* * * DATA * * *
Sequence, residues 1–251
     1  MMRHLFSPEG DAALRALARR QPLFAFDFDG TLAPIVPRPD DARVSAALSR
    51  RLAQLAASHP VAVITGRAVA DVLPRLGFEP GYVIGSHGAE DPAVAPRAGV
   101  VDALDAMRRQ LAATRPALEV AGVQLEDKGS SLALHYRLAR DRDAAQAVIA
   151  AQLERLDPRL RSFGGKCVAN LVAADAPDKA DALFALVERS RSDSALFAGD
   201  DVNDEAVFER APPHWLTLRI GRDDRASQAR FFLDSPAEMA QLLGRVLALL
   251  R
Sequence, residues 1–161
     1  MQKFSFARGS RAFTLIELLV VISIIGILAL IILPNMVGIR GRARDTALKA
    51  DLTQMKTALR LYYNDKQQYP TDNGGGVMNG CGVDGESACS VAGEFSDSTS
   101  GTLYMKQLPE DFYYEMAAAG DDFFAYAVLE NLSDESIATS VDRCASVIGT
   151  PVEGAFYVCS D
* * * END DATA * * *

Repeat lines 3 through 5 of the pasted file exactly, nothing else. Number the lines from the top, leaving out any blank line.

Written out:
    51  RLAQLAASHP VAVITGRAVA DVLPRLGFEP GYVIGSHGAE DPAVAPRAGV
   101  VDALDAMRRQ LAATRPALEV AGVQLEDKGS SLALHYRLAR DRDAAQAVIA
   151  AQLERLDPRL RSFGGKCVAN LVAADAPDKA DALFALVERS RSDSALFAGD